With revenues increasing due to a combination of pent-up demand from 2020 and a wave of investment from clients that have emerged from the crisis with more ambitious corporate goals (our latest research indicates that around 75% of clients have more ambitious corporate goals than pre-pandemic). Will the Omicron variant, currently driving record infection rates in many countries including the all-important US market, change this?
In late December, we carried out a “pulse” survey of around 80 consulting firms around the world. While not statistically robust, we’ve found surveys such as this to be helpful indictors of change, almost as it happens.
The first point to note about clients’ response to Omicron is how fast they’ve been to return to remote working. In some countries this is the result of government advice and/or other restrictions, but it’s often also a choice that individual organisations are making for themselves; the best way to manage risk to their workforce—and consequently the business as whole—is to get people to work from home. A third of consulting firms said their clients had done this to a large extent; only a quarter of consulting firms said there had been little change. The return to remote working has been higher in Europe than in North America, and it’s generally lower in Asia.
Should professional services firms be concerned about this return to remote work? Eighty-five percent of the firms we surveyed said that the return to remote working had had no detrimental impact on clients’ willingness to use consultants. However, that proportion fell to 64% in North America, which at the time of the research was just starting to experience its current surge of Omicron cases, having watched the variant quickly and dramatically take hold in other geographies—most notably in Europe. We can conclude from this data that clients will be at their most nervous in the early days of a new variant and that their most likely response to renewed uncertainty will be a rapid shift back to remote working. Levels of office-based work may increase as the picture becomes clearer, but we shouldn’t bet on it being permanent, and professional services firms need to anticipate and be prepared for constant change.
The second key message from our survey is that Omicron is having an impact on clients’ investment decisions. The good news is that this is relatively limited: Almost three quarters of firms said that investment and other decisions that might have translated into consulting work were not at all impacted, with just under a quarter of firms experiencing work being put on hold “to some extent”, and vanishingly few saying this was a serious concern. Again, the proportion was higher in North America, where 45% pointed to at least some delays in decision-making, in contrast to 23% in Europe. This was accompanied— and probably driven—by a discernible shift in clients’ thinking from the long- to the short-term. Overall, 39% of firms said that their clients were more focused on immediate issues, with firms in the US more than twice as likely to say this is the case than their counterparts in Europe (74% to 30%).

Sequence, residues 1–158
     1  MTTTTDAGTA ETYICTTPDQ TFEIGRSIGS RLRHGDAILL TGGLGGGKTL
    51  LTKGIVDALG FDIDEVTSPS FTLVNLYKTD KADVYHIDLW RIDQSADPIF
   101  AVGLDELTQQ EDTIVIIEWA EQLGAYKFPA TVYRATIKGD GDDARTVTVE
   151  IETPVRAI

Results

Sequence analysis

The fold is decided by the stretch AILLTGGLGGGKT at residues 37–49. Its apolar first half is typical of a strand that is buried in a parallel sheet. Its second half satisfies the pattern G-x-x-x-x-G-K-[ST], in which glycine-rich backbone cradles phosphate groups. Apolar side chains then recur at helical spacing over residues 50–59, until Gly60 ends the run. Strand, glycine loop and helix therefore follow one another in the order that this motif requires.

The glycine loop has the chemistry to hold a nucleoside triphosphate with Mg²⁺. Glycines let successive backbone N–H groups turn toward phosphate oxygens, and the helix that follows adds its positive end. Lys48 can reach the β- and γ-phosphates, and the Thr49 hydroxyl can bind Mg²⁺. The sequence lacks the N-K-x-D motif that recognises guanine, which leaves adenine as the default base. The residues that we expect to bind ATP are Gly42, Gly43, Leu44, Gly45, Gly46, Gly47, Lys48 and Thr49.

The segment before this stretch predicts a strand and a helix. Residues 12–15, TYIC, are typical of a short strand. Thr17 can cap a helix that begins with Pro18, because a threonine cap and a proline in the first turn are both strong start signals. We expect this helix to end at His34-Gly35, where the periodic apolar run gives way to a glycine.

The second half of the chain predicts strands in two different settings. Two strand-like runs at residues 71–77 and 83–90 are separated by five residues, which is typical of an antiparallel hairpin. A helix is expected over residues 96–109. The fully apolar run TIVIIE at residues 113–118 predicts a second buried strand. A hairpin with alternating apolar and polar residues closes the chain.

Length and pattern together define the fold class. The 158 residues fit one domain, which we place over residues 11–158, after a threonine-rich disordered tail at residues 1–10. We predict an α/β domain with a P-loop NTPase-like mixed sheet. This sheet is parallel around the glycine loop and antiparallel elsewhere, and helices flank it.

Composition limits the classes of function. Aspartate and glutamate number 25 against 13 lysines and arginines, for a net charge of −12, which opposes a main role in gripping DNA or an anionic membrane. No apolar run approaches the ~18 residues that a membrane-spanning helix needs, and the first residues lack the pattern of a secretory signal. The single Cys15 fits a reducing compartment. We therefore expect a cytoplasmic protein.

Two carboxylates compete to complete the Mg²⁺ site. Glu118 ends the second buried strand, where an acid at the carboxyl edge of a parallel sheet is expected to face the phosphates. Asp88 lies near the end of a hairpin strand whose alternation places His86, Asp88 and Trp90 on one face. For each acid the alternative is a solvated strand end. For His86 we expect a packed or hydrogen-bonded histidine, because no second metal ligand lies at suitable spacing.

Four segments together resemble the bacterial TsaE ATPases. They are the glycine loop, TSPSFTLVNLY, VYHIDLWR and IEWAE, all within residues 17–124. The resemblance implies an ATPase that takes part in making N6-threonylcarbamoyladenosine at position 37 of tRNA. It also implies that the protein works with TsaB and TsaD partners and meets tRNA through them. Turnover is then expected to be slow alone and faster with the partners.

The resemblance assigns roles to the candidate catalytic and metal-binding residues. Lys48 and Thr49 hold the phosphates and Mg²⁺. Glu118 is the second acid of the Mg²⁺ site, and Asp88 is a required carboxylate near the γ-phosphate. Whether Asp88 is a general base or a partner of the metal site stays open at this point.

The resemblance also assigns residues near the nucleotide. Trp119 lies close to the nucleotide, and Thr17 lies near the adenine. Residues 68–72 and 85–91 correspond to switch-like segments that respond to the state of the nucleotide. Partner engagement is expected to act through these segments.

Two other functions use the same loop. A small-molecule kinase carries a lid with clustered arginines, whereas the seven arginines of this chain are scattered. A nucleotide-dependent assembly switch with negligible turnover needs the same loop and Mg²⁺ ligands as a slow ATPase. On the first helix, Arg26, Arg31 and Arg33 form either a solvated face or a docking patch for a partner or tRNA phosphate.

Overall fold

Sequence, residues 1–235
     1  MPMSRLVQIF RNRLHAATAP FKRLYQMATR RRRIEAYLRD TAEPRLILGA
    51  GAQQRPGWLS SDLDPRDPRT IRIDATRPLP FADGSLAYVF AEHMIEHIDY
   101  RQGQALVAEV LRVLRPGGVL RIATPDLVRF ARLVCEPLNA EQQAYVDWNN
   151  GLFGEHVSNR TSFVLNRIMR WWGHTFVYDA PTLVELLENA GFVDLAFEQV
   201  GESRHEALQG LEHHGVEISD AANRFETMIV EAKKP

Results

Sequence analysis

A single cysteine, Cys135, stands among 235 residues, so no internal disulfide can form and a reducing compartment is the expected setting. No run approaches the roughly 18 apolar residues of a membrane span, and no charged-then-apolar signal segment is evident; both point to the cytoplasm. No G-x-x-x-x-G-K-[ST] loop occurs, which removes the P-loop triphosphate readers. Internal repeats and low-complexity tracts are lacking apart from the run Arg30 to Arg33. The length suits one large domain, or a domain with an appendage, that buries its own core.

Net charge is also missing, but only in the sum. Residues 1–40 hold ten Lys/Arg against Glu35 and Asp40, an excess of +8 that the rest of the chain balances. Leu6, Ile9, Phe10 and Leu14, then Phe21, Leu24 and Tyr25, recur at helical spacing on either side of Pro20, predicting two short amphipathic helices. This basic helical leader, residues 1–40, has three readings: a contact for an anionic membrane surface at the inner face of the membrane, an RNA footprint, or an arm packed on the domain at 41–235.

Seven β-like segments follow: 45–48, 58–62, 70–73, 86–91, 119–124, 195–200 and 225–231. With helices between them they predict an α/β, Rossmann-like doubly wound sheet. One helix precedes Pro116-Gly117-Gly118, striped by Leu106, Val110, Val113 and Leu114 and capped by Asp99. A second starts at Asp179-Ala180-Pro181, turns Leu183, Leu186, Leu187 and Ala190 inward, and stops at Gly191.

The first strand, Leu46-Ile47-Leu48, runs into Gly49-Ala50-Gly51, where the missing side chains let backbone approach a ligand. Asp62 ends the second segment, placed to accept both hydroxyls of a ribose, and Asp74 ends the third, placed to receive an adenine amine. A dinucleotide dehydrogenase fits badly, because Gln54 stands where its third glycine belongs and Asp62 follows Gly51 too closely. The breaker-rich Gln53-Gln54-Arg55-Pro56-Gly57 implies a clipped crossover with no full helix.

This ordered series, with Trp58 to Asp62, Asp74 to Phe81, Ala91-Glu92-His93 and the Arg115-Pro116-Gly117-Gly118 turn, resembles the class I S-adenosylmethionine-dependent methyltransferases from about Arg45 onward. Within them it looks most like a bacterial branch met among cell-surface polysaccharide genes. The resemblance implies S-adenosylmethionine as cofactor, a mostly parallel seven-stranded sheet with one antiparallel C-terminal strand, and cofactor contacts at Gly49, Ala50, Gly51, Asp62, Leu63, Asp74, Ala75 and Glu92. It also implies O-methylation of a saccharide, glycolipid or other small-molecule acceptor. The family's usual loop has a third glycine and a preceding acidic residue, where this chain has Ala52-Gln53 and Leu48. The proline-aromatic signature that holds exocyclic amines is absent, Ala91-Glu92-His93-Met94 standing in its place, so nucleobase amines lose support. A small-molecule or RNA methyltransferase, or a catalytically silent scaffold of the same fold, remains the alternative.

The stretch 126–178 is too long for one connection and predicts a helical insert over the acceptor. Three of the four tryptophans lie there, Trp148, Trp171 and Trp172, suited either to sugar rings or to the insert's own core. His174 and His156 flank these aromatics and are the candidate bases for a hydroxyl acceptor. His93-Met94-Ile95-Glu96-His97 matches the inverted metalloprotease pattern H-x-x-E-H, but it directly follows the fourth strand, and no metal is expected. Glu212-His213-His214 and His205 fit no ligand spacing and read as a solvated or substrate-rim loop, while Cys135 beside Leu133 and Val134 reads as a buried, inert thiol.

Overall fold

A greater focus on short-term issues is a double-edged sword for professional services firms, as the spring of 2020 demonstrated. It can lead to urgent requests for help and support, but may also result in some longer-term, less critical projects being deferred. Now, with all the hindsight clients have gained from dealing with the consequences of the pandemic, a surge in urgent work is much less likely. To take the most obvious example, few organisations will need help moving to remote working this time around. The more waves of infection we have, the less the need for urgent help. As a consequence, professional services firms should expect a slow-down in the number of large-scale projects coming to the market, at least for the moment.
But more of a concern—and this is the third key message from our research—is that consulting firms told us that around 20% of clients are cutting back their expenditure on consulting services because they don’t have the budget. This is higher than the proportion of firms who saw cutbacks as a result of the return to remote working, and suggests that some of the long-term economic damage wrought by the pandemic, but hidden by government subsidies, is starting to become apparent.
While professional services firms will probably ride out the Omicron wave without seeing a significant impact on the rate of growth, they may need to keep a watchful eye on longer-term budget-tightening from their clients.